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Idioms: a historian's view by the Oxford Etymologist

Idioms: a historian’s view

This is a continuation of last week’s post.

Idioms are phrases and often pose questions not directly connected with linguistics. For example, ale is a very ancient word, and its ultimate origin, as could be expected, is a matter of speculation. We have little chance to discover the impulse that made a distant ancestor of modern Germanic speakers use this combination of sounds to designate the beverage whose name is famous in myth (ale has not changed too much from days of yore: the earliest form sounded approximately like aluth-), and we have to admit defeat in the search for the “ultimate” etymology. But it turns out that some moderately witty person once used the phrase Adam’s ale for “water.” The earliest occurrence of Adam’s ale in The Oxford English Dictionary (OED) goes back to 1643, the year Newton was born. The answer to the question about the origin of this phrase is not even worth the time we might spend while looking for it. What will change if we discover the wit’s name? By contrast, learning the origin of ale might shed light on ancient religious beliefs and the technology of preparing alcoholic beverages. It has been suggested that Adam’s ale is a phrase like Welsh rabbit “a cheese dish” and Cape Cod turkey “codfish.” But I am not sure the pattern is the same. Time and again students of idioms find themselves in this situation: they wonder who coined the odd locution and eventually find the author, but much more often they find nothing.

At approximately the same time (before 1635), the phrase ale and history turned up. It became proverbial (though today hardly anyone has heard it). The implication seemed to be that drinking ale is inseparable from telling a good story. Perhaps so. The inventor of the phrase remains undiscovered. It is not even clear whether we are dealing with an idiom. In any case, the OED does not list it. Perhaps language historians have better luck with the champagne to the masthead. The custom of “christening a ship” is old. It consisted in smashing a bottle of wine and throwing it overboard to celebrate the launching of the ship, her virgin voyage, even though champagne was not the earliest choice.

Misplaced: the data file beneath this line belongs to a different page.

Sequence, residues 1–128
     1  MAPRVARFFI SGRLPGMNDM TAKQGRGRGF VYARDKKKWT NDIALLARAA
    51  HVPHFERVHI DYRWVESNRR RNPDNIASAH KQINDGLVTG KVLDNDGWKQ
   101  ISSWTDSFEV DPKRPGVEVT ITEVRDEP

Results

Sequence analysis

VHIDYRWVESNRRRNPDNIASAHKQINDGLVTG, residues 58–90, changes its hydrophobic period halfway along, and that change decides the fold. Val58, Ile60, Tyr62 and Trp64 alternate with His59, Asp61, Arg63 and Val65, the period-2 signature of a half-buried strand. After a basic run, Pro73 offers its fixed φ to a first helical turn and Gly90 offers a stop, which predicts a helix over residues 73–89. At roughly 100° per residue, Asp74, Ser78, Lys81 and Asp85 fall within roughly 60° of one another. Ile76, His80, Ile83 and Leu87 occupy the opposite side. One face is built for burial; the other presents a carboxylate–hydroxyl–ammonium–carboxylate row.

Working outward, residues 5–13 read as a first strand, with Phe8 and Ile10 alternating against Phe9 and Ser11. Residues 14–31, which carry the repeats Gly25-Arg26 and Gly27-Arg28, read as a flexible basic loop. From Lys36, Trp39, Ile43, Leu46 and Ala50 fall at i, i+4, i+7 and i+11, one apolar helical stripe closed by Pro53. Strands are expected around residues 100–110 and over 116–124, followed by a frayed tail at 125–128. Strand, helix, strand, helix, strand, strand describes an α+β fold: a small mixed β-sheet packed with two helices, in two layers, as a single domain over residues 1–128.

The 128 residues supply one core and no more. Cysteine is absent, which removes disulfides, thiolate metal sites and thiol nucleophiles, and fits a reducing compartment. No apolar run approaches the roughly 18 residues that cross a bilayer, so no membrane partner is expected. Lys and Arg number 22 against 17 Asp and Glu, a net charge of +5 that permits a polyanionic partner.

Champagne to the mast and beyond.
(Via Picryl, public domain)

 I came across the champagne to the masthead in an 1862 letter to the British biweekly Notes and Queries and included it in my prospective dictionary of idioms but refrained from the brief commentary given below, because the gloss “plentiful supply of the wine at table” does not seem to have a direct bearing on any ceremony. Apparently, to in the phrase means “all the way to.” But idioms are a slippery field, and I almost never risked adding my commentary. Though the origin of the champagne to the masthead is obviously naval, I’d rather leave the nuance to experts. Some readers of this blog may perhaps add a more enlightening comment. Once again the OED did not find the phrase worthy of inclusion. (I assume that at the OED they have all my materials as a matter of course and that if some item has been left out, it was done after serious consideration, while I may risk some linguistic promiscuity.)

The American version of Hoppin’ John.
(Photo by srjenkins via Wikimedia Commons, CC BY-SA 3.0)